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Photos by Jimin Kim, 5/9/20
Arrests at Reopen NY Rally
The Reopen NY rally started around 12:40 p.m. at City Hall Park near the Jacob Wrey Mould Fountain and continued until nearly 20 police officers in a tightly packed group arrived to disperse the protest at around 2 p.m. The cops made the arrests between around 2 p.m. and around 2:30 p.m. both inside the park and outside the park on the sidewalk at Park Row. Around 20 protestors showed up to the rally. The 9 people arrested were arrested for not maintaining social distance and holding a non-essential gathering.
Thomas Saviano holds a sign at the Reopen NY rally in City Hall Park in Manhattan.
Mary Ellen Probanski, 59, a Staten Island resident, is a health paraprofessional at IS 75 school in Staten Island. She assists teachers and helps with a child who has special needs. She said the online classes her students who are between sixth and eight graders take at home due to COVID-19 lockdown measures are negatively impacting the kids' social skills. She also questioned how much kids are paying attention to online classes and completing their assignments. She added some students don't participate during their Google Classroom or Zoom classes. But, she said for some students, remote learning helps them finish their schoolwork faster. She hasn't been working in person in her school for 7 weeks.
“I’m here because Governor Cuomo is overstepping his boundaries and he’s destroying our economy," she said. "We have healthy taxpaying citizens who are not being allowed to work. What about all the people who aren’t like me? People who don’t have a steady income, waitresses, hair and nail salons, people who work for cash and tips. Those people don’t have a paycheck coming in and somebody has to speak out. I think what he’s doing is wrong so that’s why I’m here. I’m surprised at how many people are just willing to be scared and stay in their houses. I think the only people who should be self-isolating are the elderly and people who are not well because they're at risk of getting sick and not being able to recover. But everyone else, if you’re healthy, you should be out and about. I’m surprised at how many people are willing to give up their freedom so easily.”
Dorothy Sanzone, 58, a Staten Island resident, is an associate at the Amazon Fulfillment Center in Staten Island. She has been out of work due to an injury at work involving a ladder where she hurt her back and neck. She works in quality control checking products at the facility. She has received physical therapy and she is in Amazon's accommodations program for four more weeks. Due to the COVID-19 shutdown, Amazon is unable to find her work because she is in the accommodations program. According to Sanzone, Amazon would normally allow people in its accommodations program to work in a local non-profit at the same pay they make at Amazon until the employee is fully cleared physically to return to work at the Staten Island Amazon facility. But, the COVID-19 lockdown measures are preventing her from receiving such work as many non-profits have halted. She said Amazon is doing a good job preventing employees from getting sick at the workplace and that people who are getting COVID-19 are getting sick outside the Amazon facility. “I happen to feel protected at Amazon," she said, regarding Amazon's sanitation and temperature checking protocols of employees. “I’m not worried about getting sick there.”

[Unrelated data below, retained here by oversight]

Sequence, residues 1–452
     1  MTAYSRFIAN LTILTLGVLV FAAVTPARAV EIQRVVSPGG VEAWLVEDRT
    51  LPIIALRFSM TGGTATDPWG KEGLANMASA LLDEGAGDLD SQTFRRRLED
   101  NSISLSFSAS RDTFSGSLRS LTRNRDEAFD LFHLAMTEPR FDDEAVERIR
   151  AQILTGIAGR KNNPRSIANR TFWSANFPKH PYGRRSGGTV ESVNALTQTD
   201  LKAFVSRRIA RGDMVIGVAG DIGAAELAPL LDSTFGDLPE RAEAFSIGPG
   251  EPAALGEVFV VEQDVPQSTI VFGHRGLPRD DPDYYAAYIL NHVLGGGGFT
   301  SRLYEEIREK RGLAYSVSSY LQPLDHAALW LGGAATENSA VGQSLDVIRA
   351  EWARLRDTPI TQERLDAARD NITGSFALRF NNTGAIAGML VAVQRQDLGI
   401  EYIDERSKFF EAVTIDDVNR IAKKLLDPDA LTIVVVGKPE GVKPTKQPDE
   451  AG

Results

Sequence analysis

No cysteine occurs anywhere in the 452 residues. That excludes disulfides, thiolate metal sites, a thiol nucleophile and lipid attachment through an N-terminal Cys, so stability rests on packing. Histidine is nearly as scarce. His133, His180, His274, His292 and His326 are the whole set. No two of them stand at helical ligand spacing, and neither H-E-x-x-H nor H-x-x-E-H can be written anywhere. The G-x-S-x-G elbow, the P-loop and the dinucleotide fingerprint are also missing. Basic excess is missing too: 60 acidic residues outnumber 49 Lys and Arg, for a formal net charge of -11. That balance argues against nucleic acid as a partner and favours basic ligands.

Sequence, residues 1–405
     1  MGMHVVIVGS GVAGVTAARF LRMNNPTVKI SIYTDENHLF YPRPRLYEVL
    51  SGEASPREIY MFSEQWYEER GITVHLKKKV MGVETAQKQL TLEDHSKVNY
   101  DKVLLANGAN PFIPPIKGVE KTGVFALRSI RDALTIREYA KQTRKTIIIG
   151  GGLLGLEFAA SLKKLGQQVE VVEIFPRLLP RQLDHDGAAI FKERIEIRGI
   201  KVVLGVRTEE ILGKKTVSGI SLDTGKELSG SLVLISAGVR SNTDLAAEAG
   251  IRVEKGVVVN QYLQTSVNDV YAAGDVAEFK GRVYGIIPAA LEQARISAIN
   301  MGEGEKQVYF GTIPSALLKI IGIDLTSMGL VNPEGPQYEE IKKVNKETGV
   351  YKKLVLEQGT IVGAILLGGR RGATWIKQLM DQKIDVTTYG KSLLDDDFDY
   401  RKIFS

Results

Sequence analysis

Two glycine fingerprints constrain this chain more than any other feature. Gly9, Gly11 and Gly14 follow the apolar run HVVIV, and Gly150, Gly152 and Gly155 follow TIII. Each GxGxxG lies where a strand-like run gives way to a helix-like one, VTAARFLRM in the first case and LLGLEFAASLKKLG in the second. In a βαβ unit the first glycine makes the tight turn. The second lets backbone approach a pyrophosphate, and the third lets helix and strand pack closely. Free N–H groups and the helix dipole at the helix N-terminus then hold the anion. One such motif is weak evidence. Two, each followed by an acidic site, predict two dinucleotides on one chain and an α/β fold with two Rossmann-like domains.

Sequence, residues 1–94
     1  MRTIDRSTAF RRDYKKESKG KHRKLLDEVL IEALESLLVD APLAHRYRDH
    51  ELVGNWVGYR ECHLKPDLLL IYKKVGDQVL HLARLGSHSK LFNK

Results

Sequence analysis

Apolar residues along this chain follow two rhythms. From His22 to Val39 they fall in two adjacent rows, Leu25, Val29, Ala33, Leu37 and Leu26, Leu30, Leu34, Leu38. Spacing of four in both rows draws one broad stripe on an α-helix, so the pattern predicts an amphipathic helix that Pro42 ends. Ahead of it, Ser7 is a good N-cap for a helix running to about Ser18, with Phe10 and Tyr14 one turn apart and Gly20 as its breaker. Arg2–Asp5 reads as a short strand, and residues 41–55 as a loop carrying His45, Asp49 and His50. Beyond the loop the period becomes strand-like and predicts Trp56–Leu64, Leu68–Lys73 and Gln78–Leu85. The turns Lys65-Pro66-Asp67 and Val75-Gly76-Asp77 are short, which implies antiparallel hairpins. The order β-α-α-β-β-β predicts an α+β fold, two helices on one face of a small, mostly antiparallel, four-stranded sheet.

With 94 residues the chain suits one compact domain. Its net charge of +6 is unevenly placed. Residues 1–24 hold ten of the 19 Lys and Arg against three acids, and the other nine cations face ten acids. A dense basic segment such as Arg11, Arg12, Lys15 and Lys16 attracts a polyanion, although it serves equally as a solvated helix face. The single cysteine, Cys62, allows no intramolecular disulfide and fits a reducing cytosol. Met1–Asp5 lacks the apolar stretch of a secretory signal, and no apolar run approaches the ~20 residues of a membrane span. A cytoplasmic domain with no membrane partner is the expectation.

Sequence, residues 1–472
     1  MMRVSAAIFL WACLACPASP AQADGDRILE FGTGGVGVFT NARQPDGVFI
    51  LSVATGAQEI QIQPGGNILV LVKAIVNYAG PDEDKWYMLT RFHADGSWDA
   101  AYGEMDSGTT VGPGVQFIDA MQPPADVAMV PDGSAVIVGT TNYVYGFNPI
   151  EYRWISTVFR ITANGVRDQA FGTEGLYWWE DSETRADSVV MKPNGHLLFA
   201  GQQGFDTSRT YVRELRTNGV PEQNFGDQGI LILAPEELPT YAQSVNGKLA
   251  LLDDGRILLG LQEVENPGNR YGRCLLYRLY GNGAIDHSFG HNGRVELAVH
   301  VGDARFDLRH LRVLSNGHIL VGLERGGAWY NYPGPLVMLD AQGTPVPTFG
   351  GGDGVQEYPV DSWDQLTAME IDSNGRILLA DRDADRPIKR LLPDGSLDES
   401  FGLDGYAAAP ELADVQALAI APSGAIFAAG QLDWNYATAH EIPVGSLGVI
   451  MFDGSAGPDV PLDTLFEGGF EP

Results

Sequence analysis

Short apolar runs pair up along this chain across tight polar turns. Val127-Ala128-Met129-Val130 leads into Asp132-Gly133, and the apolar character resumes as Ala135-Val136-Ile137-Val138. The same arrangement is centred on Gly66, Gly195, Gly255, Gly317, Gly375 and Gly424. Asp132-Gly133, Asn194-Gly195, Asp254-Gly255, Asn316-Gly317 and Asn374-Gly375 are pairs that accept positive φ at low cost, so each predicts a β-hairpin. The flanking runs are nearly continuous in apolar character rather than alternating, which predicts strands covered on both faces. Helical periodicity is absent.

“We should start living our life now. We know what to do. You have a choice to wear a mask, you have a choice to wear gloves. We’re distancing ourselves from people as it is. We’re doing what we’re supposed to do. My house is as clean as it’s ever gonna be. We know what to do, we’re not babies, we don’t need to be watched. I feel like the government is controlling us. That’s what I feel and I’m not for that. I’m sorry. They’re taking away our rights. I don’t feel free here anymore. I feel like someone’s always watching me.”
Bradford Solomon, 43, a Sunnyside, Queens resident, makes the most of his money playing online poker. Although he is still able to generate income through poker, he said his decision to rally is for the sake of people out of work due to COVID-19 lockdown measures. He also said he feels the COVID-19 stay-at-home order is threatening American freedoms.
“I care about humanity and freedom and the Constitution," he said. "I’m out here because De Blasio said protests are not allowed. He’s not my emperor, I’m not gonna listen to that. I’m gonna express my First Amendment rights.”
Protestor Christine Salica poses for the camera at City Hall Park.
A protestor, 48, stands at City Hall Park. He is a manager at JFK Airport who hasn't been getting paid or been allowed to show up to the airport to work due to COVID-19 safety measures.
“I think the economy should be open again," he said. "I think they’re using the virus as an excuse to keep it closed and New York is in a big, bad debt.”
"Do not allow New York City become Nazi Germany," said Daniel Christmann, 37, a plumber.
He hasn't been able to work and make money after his work has been shut down due to COVID-19 lockdown measures. He films the protest wearing a GoPro camera on a headband.
Tom Zmich, running for election to the United States House of Representatives to represent New York’s 6th Congressional District in Queens, NY, handed out pocket-sized versions of the U.S. Constitution to the demonstrators and pedestrians at City Hall Park. He wore a "Trump" baseball cap and held a "Trump 2020" banner.
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